The Bloomfield Track continues to be popular for those that can afford a 4×4 hire or a guided tour. However over the past 5 years the types of vehicles using this route has changed dramatically because they can. Small SUV’s towing even larger off road caravans dreaming they have an off road vehicle and feel they have right to also use the track and who’s stopping them? Others in conventional vehicles are frequently seen using the track because when it is dry they now can. These factors are now making the track a worry. Clearly understanding the positives and negatives of sealing this section of the track.
The Woobada crossing is now bridged at twice the cost of the original road, is suited to the environment in which it sits. Many other creek crossings have been sealed as well as the most dangerous sections of Cowie & Donavan ranges. The track is not suited to 4×4 enthusiasts, to suggest such is naïve. It is now a formed road. Sealing the remaining 32kms of the Bloomfield Track will not turn it into a highway only a safe scenic drive. We must not forget in 2017 a tourist driver died and his wife having to wait hours beside him to be cut out of the vehicle. There is no opportunity for emergency rescue to land a chopper along this remaining 32kms. Additionally it can take hours for any emergency services to reach an accident, which will result in further loss of tourist life each year whilst it remains unsealed.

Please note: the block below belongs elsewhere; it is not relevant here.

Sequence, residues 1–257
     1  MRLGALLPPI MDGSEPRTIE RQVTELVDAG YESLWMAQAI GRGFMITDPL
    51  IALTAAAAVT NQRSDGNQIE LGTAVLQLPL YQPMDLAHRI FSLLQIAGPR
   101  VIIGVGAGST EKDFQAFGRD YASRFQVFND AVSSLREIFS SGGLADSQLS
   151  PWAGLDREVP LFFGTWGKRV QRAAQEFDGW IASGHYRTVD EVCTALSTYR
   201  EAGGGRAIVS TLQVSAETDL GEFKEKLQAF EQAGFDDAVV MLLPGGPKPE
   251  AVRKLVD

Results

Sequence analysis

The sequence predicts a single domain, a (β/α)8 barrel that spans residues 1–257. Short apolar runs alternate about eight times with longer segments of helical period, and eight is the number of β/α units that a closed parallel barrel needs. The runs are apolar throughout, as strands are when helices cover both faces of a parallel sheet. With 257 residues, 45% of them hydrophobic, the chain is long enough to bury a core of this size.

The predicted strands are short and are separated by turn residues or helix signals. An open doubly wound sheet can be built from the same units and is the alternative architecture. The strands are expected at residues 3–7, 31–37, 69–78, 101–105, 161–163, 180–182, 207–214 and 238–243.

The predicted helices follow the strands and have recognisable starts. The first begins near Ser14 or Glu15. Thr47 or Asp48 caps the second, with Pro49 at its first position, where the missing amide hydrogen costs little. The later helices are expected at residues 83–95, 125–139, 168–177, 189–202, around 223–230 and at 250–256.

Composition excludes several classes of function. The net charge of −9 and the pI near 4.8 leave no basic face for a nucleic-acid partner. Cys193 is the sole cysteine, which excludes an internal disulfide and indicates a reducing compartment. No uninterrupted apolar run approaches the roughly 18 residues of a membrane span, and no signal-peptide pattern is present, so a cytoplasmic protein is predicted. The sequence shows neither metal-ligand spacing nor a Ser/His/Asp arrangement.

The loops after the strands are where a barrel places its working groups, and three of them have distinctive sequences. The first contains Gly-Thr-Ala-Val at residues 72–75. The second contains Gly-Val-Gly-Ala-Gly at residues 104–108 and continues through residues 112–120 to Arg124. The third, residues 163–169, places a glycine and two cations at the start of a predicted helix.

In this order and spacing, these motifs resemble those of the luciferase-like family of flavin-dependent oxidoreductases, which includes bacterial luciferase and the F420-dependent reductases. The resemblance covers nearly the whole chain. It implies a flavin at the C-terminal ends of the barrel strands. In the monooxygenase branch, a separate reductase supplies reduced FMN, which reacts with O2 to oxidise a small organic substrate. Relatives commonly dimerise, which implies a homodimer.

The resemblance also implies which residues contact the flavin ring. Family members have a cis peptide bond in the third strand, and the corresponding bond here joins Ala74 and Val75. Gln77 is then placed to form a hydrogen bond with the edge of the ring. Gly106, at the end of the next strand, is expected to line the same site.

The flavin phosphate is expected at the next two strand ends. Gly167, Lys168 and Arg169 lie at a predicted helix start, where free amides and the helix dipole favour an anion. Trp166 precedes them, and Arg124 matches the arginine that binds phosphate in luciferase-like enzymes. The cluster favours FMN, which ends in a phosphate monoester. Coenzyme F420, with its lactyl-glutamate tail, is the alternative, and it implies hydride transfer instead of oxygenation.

We cannot forget that environmentally the Douglas Shire is currently responsible for the tons of gravel and dirt that continues to wash into the Coral Sea and onto the Great Barrier Reef annually. The trees throughout winter remain chocked in dust from the steady flow of traffic travelling in both directions. This last section of the Bloomfield must be dealt with either way. Closing it would facilitate a sensational walking track that has potential to become a world class attraction. This would generate employment for those managing it and around it. To seal it would create a world class drive route that would also become a world class scenic drive for everyone in conventional vehicles and all of us in TNQ would benefit. Vehicle sizes and loading can be controlled through overhead frames restricting size and tonnage, so no need to over widen its alignment. Do it once and do it right! To pay for the sealing this section of the road, make it a toll road covering the ongoing costs of maintenance. To complete what was proposed in 1968 and started by the Douglas Shire in 1983 would make this section of the coastal route environmentally safe and in keeping with today’s World Heritage status. Not overlooking the fact that it would give a breath of life back into Douglas Shire rate payers at Cape Tribulation and North of the Daintree River by stemming the growth of those tourists now bypassing it using the inland Mulligan highway to Cooktown instead.
It is time the Douglas Shire finished what was started in 1983. This time do it once and do it right! There is no question that a sealed coastal road will benefit not only those in the northern end of the Douglas Shire, but also those in the southern end of Cook. It will create a loop linking everybody and every business to one of Australia’s great tropical drives so the whole of Tropical North Queensland will benefit.